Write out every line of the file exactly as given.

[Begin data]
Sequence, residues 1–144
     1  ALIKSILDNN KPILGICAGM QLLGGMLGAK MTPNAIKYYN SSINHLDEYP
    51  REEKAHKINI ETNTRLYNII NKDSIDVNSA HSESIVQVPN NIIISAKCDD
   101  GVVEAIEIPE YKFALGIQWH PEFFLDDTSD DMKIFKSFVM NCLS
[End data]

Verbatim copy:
Sequence, residues 1–144
     1  ALIKSILDNN KPILGICAGM QLLGGMLGAK MTPNAIKYYN SSINHLDEYP
    51  REEKAHKINI ETNTRLYNII NKDSIDVNSA HSESIVQVPN NIIISAKCDD
   101  GVVEAIEIPE YKFALGIQWH PEFFLDDTSD DMKIFKSFVM NCLS